Wasatch Cache National Forest

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Text Box:




Avalanche advisory

Monday, January 26, 2004,   7:30 am


Good morning, this is Drew Hardesty with the Forest Service Utah Avalanche Center with your backcountry avalanche and mountain weather advisory.  Today is Monday, January 26, 2004, and it’s 7:30 a.m. 


Current Conditions:

With another 5-7” reported in the last 12 hours, storm totals are 14” in the Ogden mountains, 12-15” along the Park city ridgeline, 12” and 20” in Big and Little Cottonwood, and 5” in Provo.  Densities are consistent at 5%.  The winds continue to be a player, as anemometers show the northwest winds averaging 15 mph, gusting to 30.  11,000’ wind speeds are  20-30 mph, gusting to 50.  Temperatures are still bitter cold in the single digits.  


Avalanche Conditions:

Yesterday’s reports indicated pockety shallow activity at all aspects and elevations.   Sluffing was very common in the low density snow, and where drifted, backcountry travelers were able to trigger soft slabs 8-12” deep from 11,000’ down to 5000’.  Activity at the ski areas was consistent with this, finding sensitive soft slabs of about the same depth.  Cornices were quite sensitive and some were triggered from a distance.  In addition, shallow naturals were reported in the lower elevations running on surface hoar.  And to totally complicate the picture, areas that have seen less traffic were more sensitive than the other usually hammered shots.  A full list of activity can be found at 364-1591, which I’ll have updated by 8:30am.  We continue to appreciate the backcountry observations that we receive.  


Today’s problems will still be with the winds and I expect fresh wind drifts to remain sensitive to the weight of a person.  While the predominant loading will be on south and easterly facing aspects, crossloading and channeling around subridges and gullies will have occurred as well.  Skirt smooth, pillowy wind drifts and take note of cracking and collapsing in the new snow.  The mid and low elevation areas must still be considered suspect as the weakest snow is in these areas.  


Bottom Line for the Wasatch Range, including the Salt Lake AND Park City MOUNTAINS:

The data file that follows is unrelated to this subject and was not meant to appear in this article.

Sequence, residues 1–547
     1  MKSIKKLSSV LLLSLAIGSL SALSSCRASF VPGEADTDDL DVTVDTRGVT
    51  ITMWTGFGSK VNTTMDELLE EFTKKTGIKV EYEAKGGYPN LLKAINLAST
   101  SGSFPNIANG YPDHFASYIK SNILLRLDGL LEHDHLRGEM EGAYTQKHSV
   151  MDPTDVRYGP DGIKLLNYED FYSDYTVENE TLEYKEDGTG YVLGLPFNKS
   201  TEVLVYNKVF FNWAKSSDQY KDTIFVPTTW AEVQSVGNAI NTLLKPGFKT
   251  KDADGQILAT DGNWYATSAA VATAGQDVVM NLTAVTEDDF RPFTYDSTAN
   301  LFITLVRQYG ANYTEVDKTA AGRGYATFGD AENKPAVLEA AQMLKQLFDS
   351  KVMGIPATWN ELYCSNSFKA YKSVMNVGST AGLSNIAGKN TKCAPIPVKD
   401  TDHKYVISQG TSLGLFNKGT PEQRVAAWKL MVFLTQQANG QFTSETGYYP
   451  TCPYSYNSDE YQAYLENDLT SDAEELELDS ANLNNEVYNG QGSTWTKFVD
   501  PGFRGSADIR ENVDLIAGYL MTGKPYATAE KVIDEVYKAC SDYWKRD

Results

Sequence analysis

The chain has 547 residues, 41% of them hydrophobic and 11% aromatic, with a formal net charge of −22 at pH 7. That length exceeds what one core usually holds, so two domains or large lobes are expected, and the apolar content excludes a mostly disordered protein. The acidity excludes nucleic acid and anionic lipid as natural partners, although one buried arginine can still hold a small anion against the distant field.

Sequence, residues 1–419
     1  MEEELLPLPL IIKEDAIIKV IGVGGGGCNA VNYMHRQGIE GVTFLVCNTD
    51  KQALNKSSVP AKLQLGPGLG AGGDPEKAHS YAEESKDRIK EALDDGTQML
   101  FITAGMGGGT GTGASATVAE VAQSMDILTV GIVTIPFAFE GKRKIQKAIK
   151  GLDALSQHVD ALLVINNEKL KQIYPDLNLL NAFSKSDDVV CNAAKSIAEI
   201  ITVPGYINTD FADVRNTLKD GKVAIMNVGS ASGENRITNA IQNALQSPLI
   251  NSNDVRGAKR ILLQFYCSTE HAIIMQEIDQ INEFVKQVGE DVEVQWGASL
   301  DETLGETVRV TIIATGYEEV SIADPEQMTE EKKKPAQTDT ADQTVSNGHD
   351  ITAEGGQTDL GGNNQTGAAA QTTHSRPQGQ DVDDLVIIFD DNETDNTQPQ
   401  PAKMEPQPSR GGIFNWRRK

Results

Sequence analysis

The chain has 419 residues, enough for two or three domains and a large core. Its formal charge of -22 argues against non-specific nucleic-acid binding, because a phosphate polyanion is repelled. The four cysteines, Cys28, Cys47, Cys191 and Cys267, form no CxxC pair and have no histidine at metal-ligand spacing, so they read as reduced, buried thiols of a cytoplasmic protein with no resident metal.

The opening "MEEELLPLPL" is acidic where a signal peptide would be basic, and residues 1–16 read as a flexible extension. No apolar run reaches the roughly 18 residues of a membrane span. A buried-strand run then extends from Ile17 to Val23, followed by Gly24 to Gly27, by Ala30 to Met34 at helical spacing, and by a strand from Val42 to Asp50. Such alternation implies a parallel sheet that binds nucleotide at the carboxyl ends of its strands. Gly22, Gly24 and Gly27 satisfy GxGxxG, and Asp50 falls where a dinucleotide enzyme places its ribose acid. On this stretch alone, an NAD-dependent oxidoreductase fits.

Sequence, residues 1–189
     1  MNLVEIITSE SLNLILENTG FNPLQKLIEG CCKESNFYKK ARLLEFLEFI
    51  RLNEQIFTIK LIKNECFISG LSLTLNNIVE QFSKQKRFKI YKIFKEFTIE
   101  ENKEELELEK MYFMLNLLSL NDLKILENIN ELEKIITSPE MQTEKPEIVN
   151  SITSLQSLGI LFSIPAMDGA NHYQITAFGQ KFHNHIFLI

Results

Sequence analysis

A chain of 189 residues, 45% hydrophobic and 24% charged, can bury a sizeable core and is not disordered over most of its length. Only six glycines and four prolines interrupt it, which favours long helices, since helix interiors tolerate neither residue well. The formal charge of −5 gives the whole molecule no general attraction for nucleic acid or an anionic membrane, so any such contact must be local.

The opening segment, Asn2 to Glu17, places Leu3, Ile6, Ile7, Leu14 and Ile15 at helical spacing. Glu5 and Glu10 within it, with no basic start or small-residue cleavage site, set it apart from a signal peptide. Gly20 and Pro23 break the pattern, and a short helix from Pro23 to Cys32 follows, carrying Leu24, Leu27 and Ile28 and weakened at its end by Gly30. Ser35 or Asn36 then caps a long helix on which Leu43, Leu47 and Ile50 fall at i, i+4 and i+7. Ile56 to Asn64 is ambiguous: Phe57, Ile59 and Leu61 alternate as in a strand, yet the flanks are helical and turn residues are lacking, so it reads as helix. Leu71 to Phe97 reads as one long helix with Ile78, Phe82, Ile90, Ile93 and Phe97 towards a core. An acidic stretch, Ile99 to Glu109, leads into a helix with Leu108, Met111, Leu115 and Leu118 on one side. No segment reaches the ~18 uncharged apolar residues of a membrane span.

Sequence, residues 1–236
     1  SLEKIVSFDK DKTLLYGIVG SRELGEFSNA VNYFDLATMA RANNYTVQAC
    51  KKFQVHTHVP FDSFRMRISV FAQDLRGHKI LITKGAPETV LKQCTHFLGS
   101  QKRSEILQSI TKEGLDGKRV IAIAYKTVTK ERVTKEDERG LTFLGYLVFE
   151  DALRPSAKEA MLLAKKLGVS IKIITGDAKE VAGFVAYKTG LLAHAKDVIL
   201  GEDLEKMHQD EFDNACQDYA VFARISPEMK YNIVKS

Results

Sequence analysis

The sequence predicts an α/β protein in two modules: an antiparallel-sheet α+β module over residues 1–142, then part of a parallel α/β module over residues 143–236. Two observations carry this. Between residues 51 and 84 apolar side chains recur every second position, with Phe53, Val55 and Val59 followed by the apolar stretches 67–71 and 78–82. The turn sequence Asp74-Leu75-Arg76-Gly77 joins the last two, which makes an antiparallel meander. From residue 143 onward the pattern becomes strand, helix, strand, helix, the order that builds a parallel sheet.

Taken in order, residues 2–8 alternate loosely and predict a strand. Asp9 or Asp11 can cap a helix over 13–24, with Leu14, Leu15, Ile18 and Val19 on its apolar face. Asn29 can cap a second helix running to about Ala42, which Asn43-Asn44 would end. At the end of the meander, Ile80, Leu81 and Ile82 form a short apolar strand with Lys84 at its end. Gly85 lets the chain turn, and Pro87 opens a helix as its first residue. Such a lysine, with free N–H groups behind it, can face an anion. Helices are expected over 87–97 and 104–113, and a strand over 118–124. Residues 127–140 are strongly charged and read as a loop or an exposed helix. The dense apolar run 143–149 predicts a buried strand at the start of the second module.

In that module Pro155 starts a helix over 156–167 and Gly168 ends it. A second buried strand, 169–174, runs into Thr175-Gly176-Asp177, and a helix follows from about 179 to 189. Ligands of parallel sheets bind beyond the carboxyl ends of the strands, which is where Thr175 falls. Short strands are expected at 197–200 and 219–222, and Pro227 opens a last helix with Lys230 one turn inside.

The avalanche danger is CONSIDERABLE on slopes 35 degrees and steeper with recent deposits of wind-drifted snow.  In these areas, human triggered avalanches will be probable.  Elsewhere, the danger remains MODERATE.


OGDEN MOUNTAINS:  The danger is MODERATE on all slopes over 35 degrees.  Human triggered avalanches will be possible. 


PROVO MOUNTAINS:  The danger is MODERATE.  High winds and minimal snowfall would keep the danger at the higher elevations.    


Uinta Mountains:  For Uinta specific information, click on Western Uintas on the advisory page or phone 1-800-648-7433.


Mountain Weather: We’ll see mostly cloudy skies today with some snow showers over the course of the day.  Winds will be 20 mph along the ridgelines out of the northwest, backing to the west and down to 10-15mph by tonight.   Temperatures at 8000’ will be 12 degrees while 10,000’ temps will be 3 degrees.  The overall pattern has us in a moist westerly flow with two mentionable storms set for Tuesday night and again on Friday.


For specific digital forecasts for the Salt Lake, Provo or Ogden mountains, CLICK HERE.


General Information:

The Wasatch Powderbird Guides will not fly today due to weather.


The Banff Film Festival, a benefit for the Friends of the Utah Avalanche Center, is coming up next month – February 9th and 10th at Kingsbury Hall.  Tickets are now available at Kingsbury Hall, REI, The Outdoor Recreation Program or any Art-Tix Outlet.  For more information, call Rob at the U of U Outdoor Program at 581-8516.


The Friends of the Utah Avalanche Center are offering a three day avalanche class February 14-16.  For more information or to sign up, contact Black Diamond Equipment at (801) 278-0233.  2092 E. 3900 S.


If you are getting into the backcountry, please give us a call and let us know what you’re seeing, especially if you trigger an avalanche.  You can leave a message at 524-5304 or 1-800-662-4140.  Or you can e-mail an observation to [email protected] .org, or you can fax an observation to 801-524-6301.


The information in this advisory is from the U.S. Forest Service, which is solely responsible for its content.  This advisory describes general avalanche conditions and local variations always occur. 


Andrew McLean will update this advisory tomorrow morning.

Thanks for calling.